Yemen Country Report
Yemen is currently embroiled in a civil war between the Houthi Movement and the internationally recognised government, supported by Saudi-led military forces. The collapse of the alliance between the Houthis and former president Ali Abdullah Saleh, who was killed by Houthi militants on 4 December 2017, makes a political compromise to end the conflict highlyunlikely. Jihadist activity has expanded unchecked across the south and central Yemen as a result of the vacuum of state authority. Similarly, in the southern port cities of Aden and Mukalla, historically fragmented southern secessionists will probably consolidate their ranks, as well as fuel escalating separatist and jihadist insurgencies against Sanaa or coalition-allied forces.
The ongoing civil war is a major obstacle to investment in Yemen. Foreign companies entering the country have to factor in severe risks to personnel and property, although the intensity of such challenges vary considerably by province, with potential future partition between the north and south key areas of risk. Severe operational obstacles also exist in the form of poor infrastructure, with frequent and prolonged electricity shortages, and an underdeveloped and poor-quality road network.
The worsening security situation in Yemen, the erosion of central authority, and the fragmentation of the Yemeni army will likely continue to give Al-Qaeda in the Arabian Peninsula (AQAP) unrestricted freedom of manoeuvre across southern and central Yemen and enable the Islamic State to increase its operational capabilities. Competition between AQAP and the Islamic State is also likely to translate into an increase in major mass-casualty attacks targeting security and coalition forces, Houthi positions, public places, mosques, and the residual Western presence in the country.
The collapse of the alliance between the Houthis and former president Ali Abdullah Saleh, who was killed by Houthi militants on 4 December, signifies a sudden escalation of the conflict. The coalition will probably attempt to seize the momentum and prioritise the creation of a common front against the Houthis able to advance on Sanaa and Hodeidah, increasing support to local proxies and intensifying the campaign of airstrikes in Houthi-controlled territory. A political compromise is highly unlikely if not under Saudi's terms, which include the Houthis' withdrawal from Sanaa. However, Houthis' consolidation in the capital will probably make their position even more intransigent.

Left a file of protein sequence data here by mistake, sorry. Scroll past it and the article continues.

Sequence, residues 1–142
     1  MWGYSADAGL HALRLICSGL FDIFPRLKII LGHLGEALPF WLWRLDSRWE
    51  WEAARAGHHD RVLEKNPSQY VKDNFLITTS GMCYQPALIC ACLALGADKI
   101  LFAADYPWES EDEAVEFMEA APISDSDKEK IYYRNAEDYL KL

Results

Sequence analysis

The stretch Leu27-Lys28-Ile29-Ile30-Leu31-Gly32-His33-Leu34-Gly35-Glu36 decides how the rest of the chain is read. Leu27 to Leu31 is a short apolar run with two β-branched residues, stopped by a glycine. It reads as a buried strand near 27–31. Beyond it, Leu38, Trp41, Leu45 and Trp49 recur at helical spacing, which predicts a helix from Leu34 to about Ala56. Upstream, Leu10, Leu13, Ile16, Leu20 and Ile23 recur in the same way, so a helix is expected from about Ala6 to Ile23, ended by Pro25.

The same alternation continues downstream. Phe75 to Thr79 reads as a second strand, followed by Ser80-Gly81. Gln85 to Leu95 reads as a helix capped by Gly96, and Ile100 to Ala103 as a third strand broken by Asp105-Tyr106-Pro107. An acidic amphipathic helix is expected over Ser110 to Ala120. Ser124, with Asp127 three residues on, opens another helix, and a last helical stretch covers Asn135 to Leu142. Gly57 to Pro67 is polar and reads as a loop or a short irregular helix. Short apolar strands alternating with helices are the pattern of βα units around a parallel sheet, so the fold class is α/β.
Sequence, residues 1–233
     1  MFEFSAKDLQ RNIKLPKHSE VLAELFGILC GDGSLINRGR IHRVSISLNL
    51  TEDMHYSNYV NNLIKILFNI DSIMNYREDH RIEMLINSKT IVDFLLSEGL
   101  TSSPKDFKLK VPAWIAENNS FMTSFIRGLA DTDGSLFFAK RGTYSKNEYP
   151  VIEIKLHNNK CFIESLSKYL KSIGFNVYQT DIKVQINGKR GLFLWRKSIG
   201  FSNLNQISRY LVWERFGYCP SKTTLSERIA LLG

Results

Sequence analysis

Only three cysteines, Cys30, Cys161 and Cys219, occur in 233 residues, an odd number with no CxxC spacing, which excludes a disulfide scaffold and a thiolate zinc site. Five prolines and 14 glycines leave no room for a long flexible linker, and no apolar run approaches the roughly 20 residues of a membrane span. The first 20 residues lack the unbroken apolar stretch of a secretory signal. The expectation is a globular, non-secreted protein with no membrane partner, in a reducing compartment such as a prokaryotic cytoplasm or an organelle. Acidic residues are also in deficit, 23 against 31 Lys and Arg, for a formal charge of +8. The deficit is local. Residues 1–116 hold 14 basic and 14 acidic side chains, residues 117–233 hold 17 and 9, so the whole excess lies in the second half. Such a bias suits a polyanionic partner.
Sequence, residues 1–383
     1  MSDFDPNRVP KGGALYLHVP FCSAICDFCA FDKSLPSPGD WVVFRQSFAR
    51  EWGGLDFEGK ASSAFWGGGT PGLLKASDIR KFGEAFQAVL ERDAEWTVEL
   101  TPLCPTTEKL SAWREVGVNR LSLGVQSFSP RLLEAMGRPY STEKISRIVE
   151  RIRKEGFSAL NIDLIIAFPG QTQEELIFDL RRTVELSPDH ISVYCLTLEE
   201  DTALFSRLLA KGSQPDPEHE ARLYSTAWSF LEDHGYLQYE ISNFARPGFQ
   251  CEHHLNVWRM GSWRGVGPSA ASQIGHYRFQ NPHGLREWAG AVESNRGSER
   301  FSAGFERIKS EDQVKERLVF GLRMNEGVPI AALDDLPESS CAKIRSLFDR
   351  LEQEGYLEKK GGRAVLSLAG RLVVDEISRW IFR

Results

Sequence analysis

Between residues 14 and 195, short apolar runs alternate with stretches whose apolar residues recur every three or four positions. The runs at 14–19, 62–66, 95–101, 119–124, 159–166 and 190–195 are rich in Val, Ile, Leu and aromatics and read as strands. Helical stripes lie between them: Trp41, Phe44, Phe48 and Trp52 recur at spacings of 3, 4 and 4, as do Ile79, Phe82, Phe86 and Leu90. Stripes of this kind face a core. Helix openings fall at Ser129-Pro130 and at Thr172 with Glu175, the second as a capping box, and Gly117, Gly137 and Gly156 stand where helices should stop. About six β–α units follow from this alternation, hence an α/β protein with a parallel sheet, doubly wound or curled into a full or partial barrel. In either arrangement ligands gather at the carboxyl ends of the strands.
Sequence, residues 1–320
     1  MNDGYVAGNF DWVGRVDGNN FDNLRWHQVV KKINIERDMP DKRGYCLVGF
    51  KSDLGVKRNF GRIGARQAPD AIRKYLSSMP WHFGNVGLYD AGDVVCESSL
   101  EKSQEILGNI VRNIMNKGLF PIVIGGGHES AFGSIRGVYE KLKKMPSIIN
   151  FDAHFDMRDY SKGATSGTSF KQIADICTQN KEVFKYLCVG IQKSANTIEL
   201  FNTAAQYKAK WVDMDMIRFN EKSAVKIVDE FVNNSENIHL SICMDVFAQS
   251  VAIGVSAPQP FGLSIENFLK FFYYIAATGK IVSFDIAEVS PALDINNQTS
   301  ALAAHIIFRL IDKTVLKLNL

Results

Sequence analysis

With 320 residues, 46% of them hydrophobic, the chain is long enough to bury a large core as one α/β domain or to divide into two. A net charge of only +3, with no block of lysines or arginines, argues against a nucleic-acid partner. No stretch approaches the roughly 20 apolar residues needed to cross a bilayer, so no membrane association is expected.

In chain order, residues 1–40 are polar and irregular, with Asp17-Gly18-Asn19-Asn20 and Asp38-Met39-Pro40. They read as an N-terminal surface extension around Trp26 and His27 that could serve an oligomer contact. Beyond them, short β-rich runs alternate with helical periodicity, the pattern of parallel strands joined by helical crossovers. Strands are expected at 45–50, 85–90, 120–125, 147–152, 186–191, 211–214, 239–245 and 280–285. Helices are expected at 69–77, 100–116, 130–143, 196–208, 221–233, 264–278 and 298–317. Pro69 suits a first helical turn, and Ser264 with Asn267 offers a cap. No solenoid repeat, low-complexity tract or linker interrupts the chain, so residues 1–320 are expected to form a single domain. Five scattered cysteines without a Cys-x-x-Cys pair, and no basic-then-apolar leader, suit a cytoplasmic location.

As long as Houthi militias remain in Sanaa, protests against the movement are likely to recur in Yemeni cities, with a high risk of Houthi militia dispersing public gatherings with lethal force. Protests carry high risks of triggering localised confrontations with Houthi supporters involving small-arms fire, especially when staged in conjunction with pro-Houthi demonstrations. Similarly, the risk of economically driven protests across southern provinces, especially Abyan, is likely to increase in 2018.
Vaccinations required to enter the country
No country requirement.
Hepatitis A: A vaccine is available for anyone over one year of age. The vaccine may not be effective for certain people, e.g. those born before 1945 and who lived as a child in a developing country and/or have a past history of jaundice (icterus). These people can instead get a shot of immune globulin (IG) to boost their immunity against the disease.
Hepatitis B: A vaccine is available for children at least two months old.
Diphtheria-Tetanus-Polio: A booster shot should be administered if necessary (once every ten years).
Typhoid Fever: If your travels take you to regions with poor sanitary conditions (for children two years old and up).
Rabies: For prolonged stays in an isolated region (for children from when they can walk).
Malaria: Recommended preventive medication - mefloquine (sometimes marketed as Lariam) or doxycycline (sometimes marketed as Vibramycin).
For Children: All standard childhood immunizations should be up-to-date. In the case of a long stay, the BCG vaccine is recommended for children over one month and the MMR (measles-mumps-rubella) vaccine for children over nine months.
Due to the ongoing conflict, Sana'a's El Rahaba International Airport (SAH) is only open to humanitarian and military flights and those with specific authorization. It is subject to closures on short notice.
Main roads are in good condition but can be dangerous in rainy weather and at night. It is strongly advisable to hire a chauffeur car. Fuel shortages are common.
Piracy threatens all those traveling by sea along the Yemeni coast. The Gulf of Aden as a whole remains very unstable as a result of the structural weakness of Yemen and its neighboring states. Emirati and American ships have also been targeted by missiles, likely launched from Houthi land positions.
Yemen, with the exception of the desert zones in the north and the east of the country, experiences a rainy season which lasts from March until August. The climate is hot and humid along the coast and can be very unpleasant in July and August. Conditions are the most pleasant between December and February. Along the reliefs, temperatures are more temperate with humid summers and dry winters. At high elevations (2000 meters), temperatures vary considerably between day and night.
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